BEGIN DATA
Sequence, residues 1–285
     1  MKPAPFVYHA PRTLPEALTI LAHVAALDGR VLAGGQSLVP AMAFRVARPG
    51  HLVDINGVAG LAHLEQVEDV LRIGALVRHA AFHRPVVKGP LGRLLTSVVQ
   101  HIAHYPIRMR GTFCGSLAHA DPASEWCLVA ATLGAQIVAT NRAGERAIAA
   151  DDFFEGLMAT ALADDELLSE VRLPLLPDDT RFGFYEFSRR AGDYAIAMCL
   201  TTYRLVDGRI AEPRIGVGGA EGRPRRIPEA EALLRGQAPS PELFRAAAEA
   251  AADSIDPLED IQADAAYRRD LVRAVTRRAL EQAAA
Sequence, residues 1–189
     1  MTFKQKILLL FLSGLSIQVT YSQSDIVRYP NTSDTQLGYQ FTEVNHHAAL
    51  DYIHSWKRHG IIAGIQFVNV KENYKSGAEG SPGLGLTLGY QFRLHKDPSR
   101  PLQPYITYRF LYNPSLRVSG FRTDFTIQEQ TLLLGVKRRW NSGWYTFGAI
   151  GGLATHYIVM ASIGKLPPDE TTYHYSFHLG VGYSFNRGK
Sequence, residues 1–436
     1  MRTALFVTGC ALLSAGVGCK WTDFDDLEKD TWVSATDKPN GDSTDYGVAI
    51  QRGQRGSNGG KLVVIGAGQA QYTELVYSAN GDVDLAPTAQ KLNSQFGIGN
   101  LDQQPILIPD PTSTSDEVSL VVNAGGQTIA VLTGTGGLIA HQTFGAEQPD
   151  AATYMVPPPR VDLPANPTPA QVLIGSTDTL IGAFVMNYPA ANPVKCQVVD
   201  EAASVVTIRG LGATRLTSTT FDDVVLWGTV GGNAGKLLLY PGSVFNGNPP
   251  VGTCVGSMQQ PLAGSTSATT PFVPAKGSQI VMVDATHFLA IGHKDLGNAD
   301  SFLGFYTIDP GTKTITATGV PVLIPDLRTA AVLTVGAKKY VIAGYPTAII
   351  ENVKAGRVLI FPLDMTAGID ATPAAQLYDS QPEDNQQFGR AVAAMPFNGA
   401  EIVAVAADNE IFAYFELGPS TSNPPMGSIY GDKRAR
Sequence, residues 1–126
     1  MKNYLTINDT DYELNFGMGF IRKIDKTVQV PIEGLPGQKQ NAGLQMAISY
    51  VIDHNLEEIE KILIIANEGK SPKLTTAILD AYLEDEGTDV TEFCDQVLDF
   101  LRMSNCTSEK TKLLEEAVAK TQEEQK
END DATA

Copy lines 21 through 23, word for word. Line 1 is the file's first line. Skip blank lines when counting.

   351  ENVKAGRVLI FPLDMTAGID ATPAAQLYDS QPEDNQQFGR AVAAMPFNGA
   401  EIVAVAADNE IFAYFELGPS TSNPPMGSIY GDKRAR
Sequence, residues 1–126